In our last blog post, we talked about the early beginnings of the oil industry. World War I changed the world forever and ushered in a new era of modern technologies, many of which needed fuel. The international demand for oil skyrocketed, and private companies the world over scrambled to stake their claim.
Military and civil defense demanded oil, which became even more important following the Second World War, and the new president understood this more than most.
The Birth of the Interstate
In the late summer of 1919, less than year after World War I came to an end, a young army officer arrived in San Francisco after a grueling excursion from his base in Maryland. His convoy traversed America’s bumpy backroads for a staggering 62 days. It was a miserable experience the young soldier would not forget. That soldier was future five-star general and U.S. President Dwight D. Eisenhower. His arduous cross-country roadtrip would be the impetus for the first Interstate highway system.
We take them for granted every day. These highways are part of our daily commutes or trips to the mall. However, before Eisenhower’s great project, road travel wasn’t nearly as easy. Today, it takes about four to five days to comfortably drive coast to coast, but when Eisenhower made the trip nearly 100 years ago, it took 12 times as long.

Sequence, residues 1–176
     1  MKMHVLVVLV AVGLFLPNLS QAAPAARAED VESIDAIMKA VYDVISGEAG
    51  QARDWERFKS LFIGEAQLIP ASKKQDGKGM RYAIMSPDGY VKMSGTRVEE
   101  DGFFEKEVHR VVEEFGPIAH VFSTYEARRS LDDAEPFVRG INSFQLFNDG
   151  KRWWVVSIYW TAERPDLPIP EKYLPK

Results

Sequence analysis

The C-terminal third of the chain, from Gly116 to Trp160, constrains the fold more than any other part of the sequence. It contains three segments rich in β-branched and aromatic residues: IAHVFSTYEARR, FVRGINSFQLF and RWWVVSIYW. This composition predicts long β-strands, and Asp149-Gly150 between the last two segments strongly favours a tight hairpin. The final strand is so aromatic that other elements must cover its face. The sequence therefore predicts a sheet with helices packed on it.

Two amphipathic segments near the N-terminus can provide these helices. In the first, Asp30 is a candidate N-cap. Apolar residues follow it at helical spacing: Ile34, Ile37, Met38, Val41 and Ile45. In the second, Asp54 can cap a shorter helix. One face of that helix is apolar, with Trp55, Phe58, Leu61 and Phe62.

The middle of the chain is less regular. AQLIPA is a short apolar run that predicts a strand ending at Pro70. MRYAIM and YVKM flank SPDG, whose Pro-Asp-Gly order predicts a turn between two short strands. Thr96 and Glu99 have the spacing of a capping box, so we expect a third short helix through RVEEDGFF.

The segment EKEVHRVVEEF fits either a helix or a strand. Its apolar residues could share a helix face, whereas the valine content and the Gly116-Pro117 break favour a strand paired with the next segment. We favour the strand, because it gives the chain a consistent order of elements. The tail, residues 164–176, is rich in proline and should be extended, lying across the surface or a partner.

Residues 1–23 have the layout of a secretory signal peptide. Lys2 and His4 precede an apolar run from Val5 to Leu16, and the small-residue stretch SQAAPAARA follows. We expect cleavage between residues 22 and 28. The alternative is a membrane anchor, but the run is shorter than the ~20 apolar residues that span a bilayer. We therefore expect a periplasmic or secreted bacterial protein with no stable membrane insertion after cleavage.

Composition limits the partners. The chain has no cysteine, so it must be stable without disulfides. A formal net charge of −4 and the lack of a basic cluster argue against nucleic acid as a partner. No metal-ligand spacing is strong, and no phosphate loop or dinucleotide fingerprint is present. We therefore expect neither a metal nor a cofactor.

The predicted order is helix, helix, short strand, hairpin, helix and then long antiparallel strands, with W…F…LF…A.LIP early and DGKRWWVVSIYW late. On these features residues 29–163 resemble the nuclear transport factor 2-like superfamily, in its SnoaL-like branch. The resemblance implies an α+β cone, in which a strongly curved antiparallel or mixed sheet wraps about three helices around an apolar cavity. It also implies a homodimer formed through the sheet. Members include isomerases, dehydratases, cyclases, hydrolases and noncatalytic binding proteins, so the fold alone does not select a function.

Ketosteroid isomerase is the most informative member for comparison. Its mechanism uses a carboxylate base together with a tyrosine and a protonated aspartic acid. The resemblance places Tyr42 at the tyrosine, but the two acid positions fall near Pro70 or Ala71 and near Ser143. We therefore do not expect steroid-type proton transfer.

Oil and Civil Defense
Although it’s used for daily commutes and family vacations, the Interstate’s initial purpose was, among others, for civil defense. Following World War II and the rise of the Cold War, the American government needed a quick way to mobilize troops and equipment. Through the Interstate system, these convoys could quickly move about the country.
Of course, in order to mobilize troops and military weaponry, they needed fuel. Prior to the World Wars, petroleum was not seen as a practical fuel source for transportation. However, as the Interstate took shape, it became clear that fossil fuel was essential to military operations.
As the Interstate’s purpose began to shift from civil defense to civilian travel, the number of cars on the road exploded, solidifying petroleum’s essentiality to the American way of life.
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